The European Union says Russia must respect Kazakhstan’s sovereignty and independence as Moscow deploys paratroopers to the former Soviet republic.
The European Commission, the EU’s executive arm, also urged restraint on all sides.
“The violence must be stopped. We are also calling for restraint from all parties and a peaceful resolution of the situation. Now obviously, the EU is ready and willing to support a dialogue in the country,” an EU spokesperson said.
Russia says more measures possible to boost security
Russia says it will consult with neighbouring Kazakhstan and other allies on possible further moves to support a “counter-terrorist” operation there and unblock critical infrastructure.
“We regard the recent events in a friendly country as an attempt, inspired from the outside, to undermine the security and integrity of the state by force, using trained and organised armed formations,” the Russian foreign ministry said in a statement.
Russia has already sent troops to Kazakhstan as part of a peacekeeping force deployed by the Moscow-headed Collective Security Treaty Organization.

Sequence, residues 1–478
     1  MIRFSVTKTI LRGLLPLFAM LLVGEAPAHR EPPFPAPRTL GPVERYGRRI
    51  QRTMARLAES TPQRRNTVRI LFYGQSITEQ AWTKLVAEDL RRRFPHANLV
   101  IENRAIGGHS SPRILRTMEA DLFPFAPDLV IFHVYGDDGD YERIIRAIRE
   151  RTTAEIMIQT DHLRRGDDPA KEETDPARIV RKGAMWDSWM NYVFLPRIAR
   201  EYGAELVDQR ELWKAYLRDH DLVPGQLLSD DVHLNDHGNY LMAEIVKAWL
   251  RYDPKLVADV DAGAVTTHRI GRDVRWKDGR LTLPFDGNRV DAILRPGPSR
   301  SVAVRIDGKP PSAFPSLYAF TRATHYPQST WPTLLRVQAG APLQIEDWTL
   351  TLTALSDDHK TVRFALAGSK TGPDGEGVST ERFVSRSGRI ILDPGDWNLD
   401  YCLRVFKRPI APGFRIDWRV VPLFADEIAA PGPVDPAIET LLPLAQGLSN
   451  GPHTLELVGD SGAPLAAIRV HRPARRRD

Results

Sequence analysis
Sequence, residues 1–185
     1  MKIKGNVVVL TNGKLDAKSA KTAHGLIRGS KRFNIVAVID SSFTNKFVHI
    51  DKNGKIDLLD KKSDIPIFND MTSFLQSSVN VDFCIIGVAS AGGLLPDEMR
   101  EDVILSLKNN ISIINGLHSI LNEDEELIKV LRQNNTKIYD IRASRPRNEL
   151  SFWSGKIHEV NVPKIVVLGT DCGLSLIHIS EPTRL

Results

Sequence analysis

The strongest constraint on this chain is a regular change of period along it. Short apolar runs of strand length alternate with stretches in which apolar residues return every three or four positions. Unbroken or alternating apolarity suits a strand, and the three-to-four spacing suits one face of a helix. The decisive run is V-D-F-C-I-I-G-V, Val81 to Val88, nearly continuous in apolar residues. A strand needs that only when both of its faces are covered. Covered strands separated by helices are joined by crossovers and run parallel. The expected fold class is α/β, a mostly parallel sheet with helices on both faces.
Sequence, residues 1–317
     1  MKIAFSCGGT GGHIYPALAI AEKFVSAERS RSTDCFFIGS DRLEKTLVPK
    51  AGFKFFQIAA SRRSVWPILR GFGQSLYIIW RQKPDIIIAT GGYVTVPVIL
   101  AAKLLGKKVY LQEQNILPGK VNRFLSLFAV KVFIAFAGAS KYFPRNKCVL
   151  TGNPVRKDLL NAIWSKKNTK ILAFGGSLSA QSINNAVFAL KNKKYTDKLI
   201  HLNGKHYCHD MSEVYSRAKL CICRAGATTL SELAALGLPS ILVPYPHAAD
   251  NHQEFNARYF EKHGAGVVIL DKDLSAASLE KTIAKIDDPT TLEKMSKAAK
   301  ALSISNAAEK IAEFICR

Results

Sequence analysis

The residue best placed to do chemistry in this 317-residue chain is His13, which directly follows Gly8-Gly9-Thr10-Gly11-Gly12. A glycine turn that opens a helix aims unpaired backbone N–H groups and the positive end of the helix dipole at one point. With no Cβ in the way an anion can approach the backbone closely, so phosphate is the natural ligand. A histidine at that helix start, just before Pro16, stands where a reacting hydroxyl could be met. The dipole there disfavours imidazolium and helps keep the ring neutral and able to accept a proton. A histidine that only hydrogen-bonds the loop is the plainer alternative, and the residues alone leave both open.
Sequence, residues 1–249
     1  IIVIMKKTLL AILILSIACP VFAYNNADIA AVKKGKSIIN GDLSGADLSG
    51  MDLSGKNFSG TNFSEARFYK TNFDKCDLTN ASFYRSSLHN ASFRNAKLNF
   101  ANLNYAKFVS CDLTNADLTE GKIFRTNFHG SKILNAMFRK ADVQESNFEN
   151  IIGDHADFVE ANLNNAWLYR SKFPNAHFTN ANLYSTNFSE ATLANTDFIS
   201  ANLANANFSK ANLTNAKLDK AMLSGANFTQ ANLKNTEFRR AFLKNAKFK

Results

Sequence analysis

More than 1,000 people injured: Report
Russia’s TASS news agency quotes the Kazakh health ministry as saying that more than 1,000 people have been injured since the protests started, and more than 400 of them are in hospital.
Caspian Pipeline Consortium says operating normally
The Caspian Pipeline Consortium, a group that runs Kazakhstan’s main crude oil blend to export terminals, says it is continuing to operate normally.
CPC is owned by a consortium that includes Russia’s Transneft, Kazakh KazMunayGas, Chevron Caspian Pipeline Consortium Company and LUKARCO BV among other firms.
CPC’s facilities in Kazakhstan are based in the province of Atyrau.
‘Authorities have hit back hard’
Al Jazeera’s Robin Forestier-Walker, reporting from Georgia, says internet restrictions in Kazakhstan make it difficult to determine exactly what is taking place on the ground.
“But we are able to build up a picture and that is that the authorities have hit back hard overnight and into today to retake control of the centre of Almaty … and to retake control of the airport, which it has been confirmed was overtaken by protesters yesterday,” said Forestier-Walker, an expert on Central Asia.